6 Ways to Free Up Disk Space on Your Netbook
If you thought cheap gigabyte hard drives meant no one is concerned about space on their computers anymore, think again. There are plenty of netbook owners out there who, because they opted for a solid state drive instead of a conventional one, have as little as 16, 8 or even 4 gigs of hard drive space. Count me among them: my EEE PC came with only 4 gigs of internal space.
This isn’t a problem, though. Unlike with a desktop or a laptop, I have no expectation of being able to carry all my documents, music and videos with me on my netbook. The netbook is, first and foremost, for accessing the net (as its name cleverly implies.)
If you think running a modern computer with only 4 gigs of space is impossible, I’ve got news for you: I do it all the time. I use my netbook.
How do I manage this with such a small hard drive? Easily. Here are a few tricks I’ve picked up to free up Netbook disk space.
Use Web Apps
These days everything’s on the cloud, and if you can find a desktop app to do something you can probably find a web app for it. I’ve been using Gmail for my email since it came out in 2004, but I don’t stop there. Google Calendar is my calendar, Working Point keeps track of my invoices for work and Meebo is my go-to instant messenger.
These are just a few examples, of course. There are thousands of web apps out there that can help free up Netbook disk space, and if you’re looking for one the MakeUseOf Directory is a great place to start.
Want your web apps to feel more like desktop apps? Prism, from Mozilla, can do this for you easily – check out Travis’s article about running web apps on your desktop with Prism . If you’re more of a Chrome person than a Mozilla person, don’t worry: Chrome’s got you covered by default. Just click the page icon, then click “Create Application Shortcuts“ and you’ve got it.
Avoid Large Programs
Software can fill your hard drive up quicker than you might imagine, which is why it’s generally a good idea to avoid programs larger than is strictly necessary. For example, I never carry a word processer or a spreadsheet program with me on my netbook.
Such programs, be they the Microsoft or Open Office versions, offer more functionality than are needed on a netbook – which I only use for quickly writing on the go – and take up a ton of space in order to offer this functionality. I use a simple text editor in order to write on my netbook, and open .doc and .xls files with Google Docs when absolutely necessary.
If your netbook is running out of space, take a look at the programs you have on it. Are all of them really necessary? Could you do without them? If the answer is yes, uninstall them.
Don’t Be a Pack Rat
The era of the cheap gigabyte drive means many of us never put any thought into whether or not to keep data around. As such, deleting files is becominng increasingly rare.
You can’t operate this way on your netbook. Installation files, music and documents you aren’t currently working on are worth saving, but your netbook is not the place to save them. Keep them on your desktop computer, if you have one, or else invest in an external hard drive. Your netbook should only have files on it that you’re currently working on.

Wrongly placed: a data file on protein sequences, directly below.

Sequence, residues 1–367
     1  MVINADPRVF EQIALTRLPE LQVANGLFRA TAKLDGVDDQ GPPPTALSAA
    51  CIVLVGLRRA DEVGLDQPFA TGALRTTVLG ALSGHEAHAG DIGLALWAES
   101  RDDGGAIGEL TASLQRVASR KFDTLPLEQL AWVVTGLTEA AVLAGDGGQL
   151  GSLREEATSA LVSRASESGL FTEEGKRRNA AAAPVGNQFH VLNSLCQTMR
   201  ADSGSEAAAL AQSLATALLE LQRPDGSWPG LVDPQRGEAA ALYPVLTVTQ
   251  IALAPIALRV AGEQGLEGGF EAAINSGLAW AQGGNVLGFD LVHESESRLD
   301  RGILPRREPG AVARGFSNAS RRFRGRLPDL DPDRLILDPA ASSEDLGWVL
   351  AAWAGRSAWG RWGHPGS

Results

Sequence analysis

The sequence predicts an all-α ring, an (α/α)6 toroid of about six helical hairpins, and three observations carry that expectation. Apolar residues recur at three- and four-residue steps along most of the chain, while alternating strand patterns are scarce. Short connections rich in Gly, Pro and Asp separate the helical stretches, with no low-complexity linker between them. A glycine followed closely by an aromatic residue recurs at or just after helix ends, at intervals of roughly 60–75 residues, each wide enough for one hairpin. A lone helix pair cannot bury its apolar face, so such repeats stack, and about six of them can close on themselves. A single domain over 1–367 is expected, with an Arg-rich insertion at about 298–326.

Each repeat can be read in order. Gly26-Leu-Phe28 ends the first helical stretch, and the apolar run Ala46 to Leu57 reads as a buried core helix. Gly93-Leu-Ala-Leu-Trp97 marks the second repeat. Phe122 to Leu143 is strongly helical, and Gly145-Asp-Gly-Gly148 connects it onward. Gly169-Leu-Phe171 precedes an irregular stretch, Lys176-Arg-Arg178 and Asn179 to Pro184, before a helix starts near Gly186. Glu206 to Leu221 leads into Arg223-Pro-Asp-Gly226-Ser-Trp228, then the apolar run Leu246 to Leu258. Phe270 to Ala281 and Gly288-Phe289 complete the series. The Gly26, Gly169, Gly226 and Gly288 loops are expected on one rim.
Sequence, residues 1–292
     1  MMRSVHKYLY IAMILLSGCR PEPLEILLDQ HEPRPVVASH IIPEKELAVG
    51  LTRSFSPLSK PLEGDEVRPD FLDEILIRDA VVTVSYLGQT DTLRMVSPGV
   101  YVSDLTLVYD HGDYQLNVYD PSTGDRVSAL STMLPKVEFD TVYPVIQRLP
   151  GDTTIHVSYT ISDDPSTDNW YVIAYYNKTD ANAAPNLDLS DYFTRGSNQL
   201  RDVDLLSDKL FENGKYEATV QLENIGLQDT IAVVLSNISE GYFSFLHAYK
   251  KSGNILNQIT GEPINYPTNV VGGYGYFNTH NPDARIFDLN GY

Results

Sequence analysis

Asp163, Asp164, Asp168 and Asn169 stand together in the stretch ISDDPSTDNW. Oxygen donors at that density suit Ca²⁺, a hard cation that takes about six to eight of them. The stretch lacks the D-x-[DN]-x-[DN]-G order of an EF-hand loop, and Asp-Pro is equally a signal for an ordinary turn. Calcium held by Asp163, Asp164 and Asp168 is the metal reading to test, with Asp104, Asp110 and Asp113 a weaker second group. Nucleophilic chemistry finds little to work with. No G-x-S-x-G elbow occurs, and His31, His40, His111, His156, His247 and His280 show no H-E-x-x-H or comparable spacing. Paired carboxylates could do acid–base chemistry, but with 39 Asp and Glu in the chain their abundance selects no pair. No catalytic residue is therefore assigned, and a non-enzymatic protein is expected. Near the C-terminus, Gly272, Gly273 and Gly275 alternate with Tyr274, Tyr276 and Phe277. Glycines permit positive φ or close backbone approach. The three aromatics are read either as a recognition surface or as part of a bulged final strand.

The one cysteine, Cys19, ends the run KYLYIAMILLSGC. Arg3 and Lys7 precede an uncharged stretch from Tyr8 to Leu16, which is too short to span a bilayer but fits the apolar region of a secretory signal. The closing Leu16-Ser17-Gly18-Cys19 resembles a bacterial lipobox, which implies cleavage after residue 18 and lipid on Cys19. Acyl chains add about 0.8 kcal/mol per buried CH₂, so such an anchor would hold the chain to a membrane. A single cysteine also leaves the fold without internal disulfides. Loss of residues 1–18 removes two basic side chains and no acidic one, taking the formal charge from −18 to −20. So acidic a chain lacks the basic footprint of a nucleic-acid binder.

Use Dropbox Magic
The easiest way to do this? Some Dropbox magic, of course.
Here’s what I suggest you do: use your Dropbox as your “currently working on” folder. Thanks to Dropbox’s key feature – namely syncing files across all your computers – all of your current projects will always be on both our machines.
Once you’re done with something, you can hop onto your desktop and remove the completed project to a folder outside your desktop, automatically deleting it from your netbook. You’ll never lose any data, and never have anything more on your netbook than you absolutely need.
I use this same strategy for all my work, including the stuff I write here at MakeUseOf. I love having the mobility of a netbook combined with the power of a desktop, and being able to seamlessly jump from one to the other as I’m working on something.
For more killer uses of this ultimate syncing software, check out my article on unique ways to use Dropbox.
Switch To A Netbook-Centric OS
Most desktop operating systems – including Windows, Ubuntu and OSX – contain features you’ll never realistically need on your netbook. You can try manually stripping them out of your OS, but why bother when there’s an exceptional netbook operating system available for free? It’s called Jolicloud, and it is built from the ground up for netbooks.
For more information, read my article about Jolicloud being the perfect netbook operating system.
Still Not Enough? Get An SD Card
Almost every netbook on the market has an SD card slot, and SD cards are getting cheaper all the time. If after all these tricks you still need space you can always pick up an SD card. If you can’t free up enough Netbook disk space, this is great way to supplement your storage space without the expense of buying a bigger hard drive and installing it.
I love my netbook, but it’s really easy to fill up its hard drive. By combining all the strategies I’ve discussed here, however, I’ve got to a point where I hardly even notice I’ve only got 4 gigs of space.
Do you have any space-saving strategies you use to free up space on your netbook? Are you upset I didn’t mention every file-syncing program on the planet? Or do you just think netbooks are pretty? I can’t say promising will bring you good luck and happiness, but it can’t hurt.
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